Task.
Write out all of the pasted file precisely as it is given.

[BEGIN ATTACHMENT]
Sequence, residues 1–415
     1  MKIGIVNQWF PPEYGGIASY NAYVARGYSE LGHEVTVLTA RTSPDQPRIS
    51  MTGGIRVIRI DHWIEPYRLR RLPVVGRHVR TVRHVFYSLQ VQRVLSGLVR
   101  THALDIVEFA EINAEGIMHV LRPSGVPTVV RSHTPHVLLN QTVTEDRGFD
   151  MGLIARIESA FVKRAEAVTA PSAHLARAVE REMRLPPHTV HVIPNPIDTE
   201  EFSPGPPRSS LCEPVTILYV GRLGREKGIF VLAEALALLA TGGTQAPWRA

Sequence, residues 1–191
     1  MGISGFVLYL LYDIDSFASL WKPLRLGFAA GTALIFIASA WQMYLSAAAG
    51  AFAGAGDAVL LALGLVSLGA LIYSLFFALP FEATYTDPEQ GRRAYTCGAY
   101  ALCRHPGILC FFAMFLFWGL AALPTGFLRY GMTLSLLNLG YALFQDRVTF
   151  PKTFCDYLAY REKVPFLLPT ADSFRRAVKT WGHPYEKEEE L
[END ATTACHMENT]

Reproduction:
Sequence, residues 1–415
     1  MKIGIVNQWF PPEYGGIASY NAYVARGYSE LGHEVTVLTA RTSPDQPRIS
    51  MTGGIRVIRI DHWIEPYRLR RLPVVGRHVR TVRHVFYSLQ VQRVLSGLVR
   101  THALDIVEFA EINAEGIMHV LRPSGVPTVV RSHTPHVLLN QTVTEDRGFD
   151  MGLIARIESA FVKRAEAVTA PSAHLARAVE REMRLPPHTV HVIPNPIDTE
   201  EFSPGPPRSS LCEPVTILYV GRLGREKGIF VLAEALALLA TGGTQAPWRA

Sequence, residues 1–191
     1  MGISGFVLYL LYDIDSFASL WKPLRLGFAA GTALIFIASA WQMYLSAAAG
    51  AFAGAGDAVL LALGLVSLGA LIYSLFFALP FEATYTDPEQ GRRAYTCGAY
   101  ALCRHPGILC FFAMFLFWGL AALPTGFLRY GMTLSLLNLG YALFQDRVTF
   151  PKTFCDYLAY REKVPFLLPT ADSFRRAVKT WGHPYEKEEE L